Table 1: The composition of the composite (mean values in volume fraction).
2.2. Porosity

The connected porosity of composite sample was nonacoustically measured using the method of water saturation used by Vašina et al. [14]. All the samples were dried at 105°C for 24 h. Subsequently, they were weighed before being left in a vacuum vessel to saturate under water; the density of water is  Kg·m−3. After 24 h, they were carefully removed and weighed again. The porosity was computed using , where is the volume of the composite occupied by the water and is the total volume of the composite. The volume of water can be computed using , where and are the wet and the dry masses of the composite (Kg), respectively.

2.3. Air-Flow Resistivity

There are several empirical and semiempirical equations in the literature that can be used to estimate the flow resistivity of absorber materials based upon fiber radius and material porosity or the bulk density of the materials [1416]. The air-flow resistivity of the samples used in this study is expressed in [16] where μ is the viscosity of air (1.84 × 10−5 Pa·s), is the porosity, and is the radius of the fiber.

2.4. Tortuosity

The following empirical formula was used to calculate tortuosity () in terms of porosity. The tortuosity is expressed in [5]

2.5. Sound Absorption Measurement

The acoustic properties of the composite sample were measured using a two-microphone transfer-function method, according to ASTM E-1050-98/ISO 10534-2 standards. The testing apparatus was part of complete acoustic material testing system Brüel & Kjaer (type 4206, Brüel & Kjær), as it is seen in Figure 1. A small tube setup was employed to measure different acoustical parameters in the frequency range of 100 Hz–6.4 kHz. At one end of the tube, a loudspeaker was situated to act as a sound source and the test material was placed at the other end to measure sound absorption properties. Two acoustic microphones (type 4187, Brüel & Kjær) were located in front of the sample to record the incident sound from the loudspeaker and the reflected sound from the material. The recorded signals in the analyzer in terms of the transfer function between the microphones were processed using Brüel & Kjær material testing software to obtain the absorption coefficient of the sample under test. Each set of the experiment was repeated three times in order to have average measurements.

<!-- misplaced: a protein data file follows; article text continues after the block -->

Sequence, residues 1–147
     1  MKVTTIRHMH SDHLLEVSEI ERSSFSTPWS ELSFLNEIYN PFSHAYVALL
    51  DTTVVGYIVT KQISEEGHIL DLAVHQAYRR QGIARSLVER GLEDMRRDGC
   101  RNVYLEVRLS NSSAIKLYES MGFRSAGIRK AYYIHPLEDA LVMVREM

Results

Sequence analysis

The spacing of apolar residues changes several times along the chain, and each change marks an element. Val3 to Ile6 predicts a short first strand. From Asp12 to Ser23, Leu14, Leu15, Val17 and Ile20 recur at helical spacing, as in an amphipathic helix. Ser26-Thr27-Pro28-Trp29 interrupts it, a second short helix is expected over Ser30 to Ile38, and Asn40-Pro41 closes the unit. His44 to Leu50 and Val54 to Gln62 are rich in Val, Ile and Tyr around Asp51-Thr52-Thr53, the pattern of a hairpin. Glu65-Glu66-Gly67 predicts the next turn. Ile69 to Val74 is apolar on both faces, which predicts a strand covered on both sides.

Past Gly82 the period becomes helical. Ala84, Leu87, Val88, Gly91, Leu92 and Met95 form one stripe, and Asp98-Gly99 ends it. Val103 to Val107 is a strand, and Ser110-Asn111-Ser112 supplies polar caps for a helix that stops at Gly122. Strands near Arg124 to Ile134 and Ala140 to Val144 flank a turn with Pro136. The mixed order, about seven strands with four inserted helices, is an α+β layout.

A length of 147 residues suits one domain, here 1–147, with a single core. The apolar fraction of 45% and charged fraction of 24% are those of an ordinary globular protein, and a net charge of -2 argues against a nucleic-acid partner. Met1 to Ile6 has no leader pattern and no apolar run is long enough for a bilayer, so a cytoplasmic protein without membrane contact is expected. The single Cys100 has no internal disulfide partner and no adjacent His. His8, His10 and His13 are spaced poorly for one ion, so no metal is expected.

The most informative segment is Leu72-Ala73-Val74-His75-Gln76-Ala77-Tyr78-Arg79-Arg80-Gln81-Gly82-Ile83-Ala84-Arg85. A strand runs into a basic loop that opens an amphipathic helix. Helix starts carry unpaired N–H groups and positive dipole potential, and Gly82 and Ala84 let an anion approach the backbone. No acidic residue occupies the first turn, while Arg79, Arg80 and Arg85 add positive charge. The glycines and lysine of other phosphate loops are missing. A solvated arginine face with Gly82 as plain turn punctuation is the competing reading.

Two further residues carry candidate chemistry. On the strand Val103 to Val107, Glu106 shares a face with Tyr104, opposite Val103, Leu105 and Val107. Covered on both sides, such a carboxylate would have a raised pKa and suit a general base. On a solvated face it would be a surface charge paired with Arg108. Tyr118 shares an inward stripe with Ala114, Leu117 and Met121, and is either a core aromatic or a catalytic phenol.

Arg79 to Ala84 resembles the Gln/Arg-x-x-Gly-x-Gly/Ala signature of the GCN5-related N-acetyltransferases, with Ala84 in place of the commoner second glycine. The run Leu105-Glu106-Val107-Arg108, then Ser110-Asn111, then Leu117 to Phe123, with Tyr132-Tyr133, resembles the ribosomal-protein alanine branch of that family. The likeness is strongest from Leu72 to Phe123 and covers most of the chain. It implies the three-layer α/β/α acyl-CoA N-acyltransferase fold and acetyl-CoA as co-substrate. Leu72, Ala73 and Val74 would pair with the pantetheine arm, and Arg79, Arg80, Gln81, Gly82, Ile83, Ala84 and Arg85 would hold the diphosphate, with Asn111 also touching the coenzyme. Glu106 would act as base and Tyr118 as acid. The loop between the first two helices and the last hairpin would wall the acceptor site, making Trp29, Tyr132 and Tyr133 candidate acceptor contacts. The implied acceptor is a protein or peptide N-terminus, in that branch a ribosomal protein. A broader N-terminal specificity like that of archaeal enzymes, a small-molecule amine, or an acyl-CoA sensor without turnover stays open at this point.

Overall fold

Figure 1: Impedance tube kit (type 4206, Brüel & Kjær).
2.6. Mechanical Properties

The tensile and Young’s modulus were determined using a Tensilon RTG-1310 universal testing machine with a load cell of 10 kN. All the samples of composites were tested after conditioning for 24 h in a standard testing atmosphere of 70% relative humidity and 28°C. According to the ASTMD 3039 standard, a gauge length of 150 mm and a crosshead speed of 5 mm/min were used for tensile testing. The sample size was 250 mm × 25.4 mm × 6 mm. In total 21 samples were tested for each sample condition and the average and standard deviation values were reported.

2.7. Scanning Electron Microscope

The surface morphologies of composites were observed using an Inspect-S50 scanning electron microscope with field emission gun. An accelerating voltage of 10 kV was used to collect SEM images on the surface of the sample. The morphologies of the composites were observed and analyzed via SEM at room temperature. Before testing, the samples were sliced and mounted onto SEM stubs using double-sided adhesive tape. They were gold sputtered for 5 min to a thickness of approximately 10 nm under pressure of 0.1 torr and 18 mA current to make the sample conductive. SEM micrographs were recorded at different magnifications to ensure clear images.

3. Results and Discussion

3.1. Nonacoustic Composites Properties

Large differences were observed in nonacoustical properties of the composite samples, because of their different microstructures as a result of the addition of the CHF in the polyester. This diversity is very interesting because it provides different porous microstructures and consequently different acoustic properties. Porosity, tortuosity, and flow resistivity values are listed in Table 2.